Metastatic breast cancer

Tejal A. Patel, Edith A. Perez

Research output: Chapter in Book/Report/Conference proceedingChapter

2 Scopus citations


Metastatic breast cancer is a leading cause of morbidity and mortality that needs to be understood and conquered. Although fewer than 10% of patients with breast cancer initially present with the metastatic disease, it will eventually develop in a substantial proportion of them [1]. Therapy for metastatic breast cancer remains palliative. The average survival time after the diagnosis of metastatic breast cancer is 24 months, although it varies widely according to the metastatic site, biological characteristics, patient condition and treatment [1]. The median survival time traditionally has been lower for patients with visceral disease (6-13 months) compared with those with bone-only disease (18-30 months). There has been recent epidemiological data to suggest improvement in breast cancer mortality in the past 15 years in the United Kingdom and the United States [2]. One of the reports demonstrated that after adjustment of several factors, similar cohort of women diagnosed with metastatic breast cancer in late 1990s compared with early 1990s, had better survival by 30%.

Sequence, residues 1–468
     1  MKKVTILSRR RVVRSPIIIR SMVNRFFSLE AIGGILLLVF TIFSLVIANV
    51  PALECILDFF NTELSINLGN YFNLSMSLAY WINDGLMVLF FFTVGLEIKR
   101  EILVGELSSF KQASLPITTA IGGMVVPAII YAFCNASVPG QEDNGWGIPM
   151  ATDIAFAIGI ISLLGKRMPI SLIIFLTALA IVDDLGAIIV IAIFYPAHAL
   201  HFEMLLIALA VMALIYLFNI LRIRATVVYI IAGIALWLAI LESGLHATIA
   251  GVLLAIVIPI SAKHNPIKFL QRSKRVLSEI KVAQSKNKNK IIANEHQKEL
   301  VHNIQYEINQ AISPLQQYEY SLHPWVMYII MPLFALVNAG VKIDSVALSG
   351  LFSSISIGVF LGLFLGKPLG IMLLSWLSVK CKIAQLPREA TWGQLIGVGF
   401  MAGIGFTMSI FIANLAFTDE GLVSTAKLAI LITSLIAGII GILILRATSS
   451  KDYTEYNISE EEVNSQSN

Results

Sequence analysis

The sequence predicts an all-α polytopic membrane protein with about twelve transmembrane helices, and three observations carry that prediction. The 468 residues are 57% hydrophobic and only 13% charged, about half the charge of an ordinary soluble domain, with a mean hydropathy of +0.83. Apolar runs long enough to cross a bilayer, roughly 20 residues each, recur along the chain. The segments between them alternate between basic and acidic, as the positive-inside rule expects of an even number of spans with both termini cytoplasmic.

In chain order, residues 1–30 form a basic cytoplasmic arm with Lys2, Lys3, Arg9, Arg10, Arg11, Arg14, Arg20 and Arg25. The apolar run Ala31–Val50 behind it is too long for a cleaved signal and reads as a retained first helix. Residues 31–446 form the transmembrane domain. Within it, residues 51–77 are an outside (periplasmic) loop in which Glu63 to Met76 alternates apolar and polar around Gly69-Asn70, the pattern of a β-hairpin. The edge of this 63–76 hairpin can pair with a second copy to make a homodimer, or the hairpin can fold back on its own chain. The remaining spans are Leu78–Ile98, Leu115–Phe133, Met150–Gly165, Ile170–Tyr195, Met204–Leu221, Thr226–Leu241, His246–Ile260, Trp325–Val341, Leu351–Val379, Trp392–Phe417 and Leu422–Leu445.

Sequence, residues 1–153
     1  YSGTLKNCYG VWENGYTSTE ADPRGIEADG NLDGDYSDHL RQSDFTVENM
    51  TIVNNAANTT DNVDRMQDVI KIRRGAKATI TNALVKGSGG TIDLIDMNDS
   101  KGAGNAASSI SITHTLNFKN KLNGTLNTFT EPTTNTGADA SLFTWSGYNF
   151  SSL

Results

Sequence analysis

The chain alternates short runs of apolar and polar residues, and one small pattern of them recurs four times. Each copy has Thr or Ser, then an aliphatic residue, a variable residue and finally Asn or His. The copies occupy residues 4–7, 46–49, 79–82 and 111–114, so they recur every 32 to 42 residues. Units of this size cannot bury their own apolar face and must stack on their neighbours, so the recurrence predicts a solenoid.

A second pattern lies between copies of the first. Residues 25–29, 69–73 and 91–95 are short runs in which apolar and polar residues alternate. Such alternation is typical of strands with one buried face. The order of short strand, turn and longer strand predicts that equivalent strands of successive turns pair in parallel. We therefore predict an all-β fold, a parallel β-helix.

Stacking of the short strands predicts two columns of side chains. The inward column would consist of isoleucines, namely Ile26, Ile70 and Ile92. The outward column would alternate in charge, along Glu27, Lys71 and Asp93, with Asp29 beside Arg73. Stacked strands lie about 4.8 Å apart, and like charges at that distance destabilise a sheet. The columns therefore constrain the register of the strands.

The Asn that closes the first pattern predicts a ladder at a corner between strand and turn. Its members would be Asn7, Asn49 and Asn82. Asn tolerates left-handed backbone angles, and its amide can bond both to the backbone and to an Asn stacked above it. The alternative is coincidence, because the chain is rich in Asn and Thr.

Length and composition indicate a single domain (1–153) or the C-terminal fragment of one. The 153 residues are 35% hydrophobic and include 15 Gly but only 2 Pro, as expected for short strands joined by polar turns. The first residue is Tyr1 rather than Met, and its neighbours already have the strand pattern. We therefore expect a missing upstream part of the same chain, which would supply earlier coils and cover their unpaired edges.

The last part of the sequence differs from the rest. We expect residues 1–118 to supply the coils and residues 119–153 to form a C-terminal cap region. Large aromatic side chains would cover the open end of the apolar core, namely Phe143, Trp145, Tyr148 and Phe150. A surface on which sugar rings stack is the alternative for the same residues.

Original languageEnglish (US)
Title of host publicationManagement of Breast Diseases
PublisherSpringer Berlin Heidelberg
Number of pages25
ISBN (Print)9783540697428
StatePublished - 2010

ASJC Scopus subject areas

  • General Medicine


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